Trade is selfish because of a unique phenomenon where both participants actually profit. This is completely intentional as each person is going for something worth more to him or her than what is being traded away. An understanding of this can be seen by considering what is known as “Two Farmer Theory.”
Two farmers grow one crop each, one wheat, and the other corn. They intend to live on this one crop for the entire year until they can grow another crop the next year. About six months go by and they are tired of the chosen food they have—sick and tired of it! They meet in town one day and decide to trade the rest of their crops with each other.
Each values the others crop more than their own. In the trade, each trades away the crop they value less for the one that they want more. Both make a profit! This trade is selfish on both sides because they get more value than what they give for it.
It is important to note that every trade is motivated in this same way. When people see an offer that they like, they consider the price. Is it low enough to make it worth it? In other words, Are the hours at work of less value to them than what they are about to trade them for? Is this a better use of their money than something else they could do with it. In their evaluation, it is solely up to the people involved in the trade whether or not they will make a profit on the offer or whether they should go somewhere else. Many times, just saving their money aside is the smarter move.
What if someone makes a trade that is not profitable. This is where the one losing calls the other person “selfish” because there is no care about the one on the losing side. However, selfishness can only win when there is a compliment action on the other side. If one side wins, and the other side loses, the outcome is that both sides lose. That is why so many stores offer to return a purchaser's money if there is no satisfaction after trying the product.
Selfishness is an act of putting value on certain people and things. A store that wishes to trade on a continual basis will put value on its customers. It is selfish because it does not want to share its merchandise in an open-handed fashion, but would rather trade for a profit. Every good store realizes that all of its customers have to make a profit on the trade also. This is called a compliment action and is the only one that can bring a win, win approach. All “win, lose” and “lose, win” situations always topple into a “lose, lose” outcome. People stop being customers of companies that make them losers in their transactions. Circuit City was famous for this type of trading. Eventually, enough customers left, and the company went out of business.
If people wished to work for no pay, they would be working for noble causes, but the minute they wish to be compensated for what they produce, they are being selfish. The farmer who produced the food that you ate this morning, probably does not know who you are, nor does he care. He did not produce the food for you because you had a need but because you had money to trade for it.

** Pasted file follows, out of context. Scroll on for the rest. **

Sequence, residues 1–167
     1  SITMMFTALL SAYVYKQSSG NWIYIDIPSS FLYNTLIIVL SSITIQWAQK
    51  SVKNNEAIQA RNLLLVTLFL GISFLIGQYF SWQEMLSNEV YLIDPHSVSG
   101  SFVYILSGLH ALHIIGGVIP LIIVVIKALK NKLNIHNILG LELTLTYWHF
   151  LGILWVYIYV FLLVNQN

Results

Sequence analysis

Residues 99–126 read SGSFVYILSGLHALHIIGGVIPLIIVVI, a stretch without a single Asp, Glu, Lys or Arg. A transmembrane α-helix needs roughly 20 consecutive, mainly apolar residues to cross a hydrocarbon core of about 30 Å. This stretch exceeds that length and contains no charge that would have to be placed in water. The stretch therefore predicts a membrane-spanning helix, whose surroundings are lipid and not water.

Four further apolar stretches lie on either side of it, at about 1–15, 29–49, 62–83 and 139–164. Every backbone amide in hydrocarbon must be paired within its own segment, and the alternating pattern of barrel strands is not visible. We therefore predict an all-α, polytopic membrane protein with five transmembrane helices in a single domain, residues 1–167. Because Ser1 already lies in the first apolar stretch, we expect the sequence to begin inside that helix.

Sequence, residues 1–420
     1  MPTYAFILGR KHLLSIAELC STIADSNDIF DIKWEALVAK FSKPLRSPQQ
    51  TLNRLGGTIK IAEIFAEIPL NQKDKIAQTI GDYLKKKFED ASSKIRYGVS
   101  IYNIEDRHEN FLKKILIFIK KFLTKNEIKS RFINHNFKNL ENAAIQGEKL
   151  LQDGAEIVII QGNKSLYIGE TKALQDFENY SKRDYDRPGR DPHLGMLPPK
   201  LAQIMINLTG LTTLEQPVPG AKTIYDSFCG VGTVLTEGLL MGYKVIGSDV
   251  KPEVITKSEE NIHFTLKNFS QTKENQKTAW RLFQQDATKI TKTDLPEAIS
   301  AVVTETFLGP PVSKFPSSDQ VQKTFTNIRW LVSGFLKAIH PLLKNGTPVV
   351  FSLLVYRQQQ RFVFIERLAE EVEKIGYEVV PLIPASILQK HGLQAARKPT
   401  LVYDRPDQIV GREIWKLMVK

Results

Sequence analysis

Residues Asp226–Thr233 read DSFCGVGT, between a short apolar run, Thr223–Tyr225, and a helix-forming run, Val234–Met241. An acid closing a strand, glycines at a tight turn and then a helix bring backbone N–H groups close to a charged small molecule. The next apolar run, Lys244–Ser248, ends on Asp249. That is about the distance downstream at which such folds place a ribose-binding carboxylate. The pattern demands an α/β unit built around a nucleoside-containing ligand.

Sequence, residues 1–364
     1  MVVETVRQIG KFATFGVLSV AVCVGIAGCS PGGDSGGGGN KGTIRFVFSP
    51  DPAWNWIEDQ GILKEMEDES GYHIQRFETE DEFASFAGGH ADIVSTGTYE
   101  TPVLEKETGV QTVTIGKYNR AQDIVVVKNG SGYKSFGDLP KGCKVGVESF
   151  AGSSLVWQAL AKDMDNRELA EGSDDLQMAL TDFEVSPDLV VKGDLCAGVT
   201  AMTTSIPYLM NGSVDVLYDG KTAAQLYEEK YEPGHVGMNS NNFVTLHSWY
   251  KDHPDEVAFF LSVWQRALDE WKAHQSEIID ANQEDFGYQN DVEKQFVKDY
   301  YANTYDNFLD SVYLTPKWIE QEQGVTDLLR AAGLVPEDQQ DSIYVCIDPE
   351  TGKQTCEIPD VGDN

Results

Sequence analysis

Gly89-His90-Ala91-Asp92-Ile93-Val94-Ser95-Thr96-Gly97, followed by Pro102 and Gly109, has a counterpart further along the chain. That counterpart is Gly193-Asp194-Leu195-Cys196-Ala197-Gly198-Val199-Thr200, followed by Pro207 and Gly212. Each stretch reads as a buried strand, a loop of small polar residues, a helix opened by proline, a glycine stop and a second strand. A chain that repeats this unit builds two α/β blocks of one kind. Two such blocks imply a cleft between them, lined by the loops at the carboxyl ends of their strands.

Yes, there are people who produce for the poor in cities, but what is the quality of the food they make compared to what you can get in decent restaurants?! When I was younger, I helped out a small organization that collected unsold produce and ran a soup kitchen. Basically, the produce was just broken up and thrown into a pot of water, which was then heated. Once hot, it was served, as is, to whomever could keep it down. There was never any charge for the service, though we had people who went to local business asking for donations to keep the soup kitchen open.
There is a big difference between noble, open-handed generosity, and bourgeois, conditional frugality. Selfishness does not believe in open-handed sharing, but help is only given if the person being helped has the same value system that the one helping has.
The real question is this. Does selfishness lead to criminality? Does caring for oneself lead to stealing from others. This sounds like a preposterous question. I teach my kids to take care of themselves. So do most of the parents in this country. How many of these children wind up stealing to take care of themselves? A very small number. Do they stay a small number because they are regulated by some bureaucratic organization. No, of course not. Another question I might add to this is, who was the first wise-guy who thought that elevator companies would make money by making shoddy systems that killed their customers??? If I had an elevator company, I would be on top of the servicing of it just to be sure there was no problem with every system I sold. That is real selfishness—taking care of my own, and I do mean “my own!”
If someone sells you something dangerous, call the police! You do not need a regulatory agency that takes their sweet time to grant licenses to people who will now only do the very minimum just to get by. There are courts that will grant you compensation for losses caused by unscrupulous vendors. These vendors are not stopped by regulators as can be seen on the local news. The police and the courts are always your best bet. The regulators should just be swept away, and in there place, consumer protection organizations would form and operate similar to Consumer Reports which is entirely supported by their subscribers. They accept no advertising from companies that they test and rate, and they allow no company to use their ratings in their own advertising. That is consumer protection the way it should be!
The task of taking care of oneself is called management. There is not one instance that open-handed generosity needs to make use of any kind of management intended for taking care of oneself.